Done but not dusted: Reflections on the first global reptile assessment and priorities for the second

Shai Meiri*, David G. Chapple, Krystal A. Tolley, Nicki Mitchell, Timrat Laniado, Neil Cox, Phil Bowls, Bruce E. Young, Gabriel Caetano, Julia Geschke, Monika Böhm, Uri Roll

*Corresponding author for this work

Research output: Contribution to journalShort surveypeer-review

6 Scopus citations


The IUCN recently coordinated the first assessment of extinction risk of the world's reptile species. This monumental undertaking allows, for the first time, an examination of threats and prioritization of conservation effort, not just for reptiles, but for land vertebrates as a whole. Reptiles are now the largest class of land vertebrates in terms of species numbers. The dynamic nature of reptile taxonomy, the 18 years it took for the Global Reptile Assessment to be completed, the poor state of knowledge for many species – especially of squamates – and the evolving nature of threats, however, all highlight the need for continued monitoring of reptile species and threats. Here we review the status of reptile conservation assessments, and identify the challenges facing the next reptile assessments. We then recommend potential avenues that could facilitate efficient, accurate and timely future assessments.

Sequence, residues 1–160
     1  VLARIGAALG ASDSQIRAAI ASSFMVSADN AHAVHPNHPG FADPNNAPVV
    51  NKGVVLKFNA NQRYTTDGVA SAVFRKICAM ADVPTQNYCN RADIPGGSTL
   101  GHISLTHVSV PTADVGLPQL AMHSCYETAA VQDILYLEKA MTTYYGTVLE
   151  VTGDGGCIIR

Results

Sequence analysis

Original languageEnglish
Article number109879
JournalBiological Conservation
StatePublished - Feb 2023


FundersFunder number
Australian Research CouncilFT200100108
Israel Science Foundation406/19


    • Data deficiency
    • IUCN Red List assessments
    • Red List Index
    • Reptilia
    • Squamates


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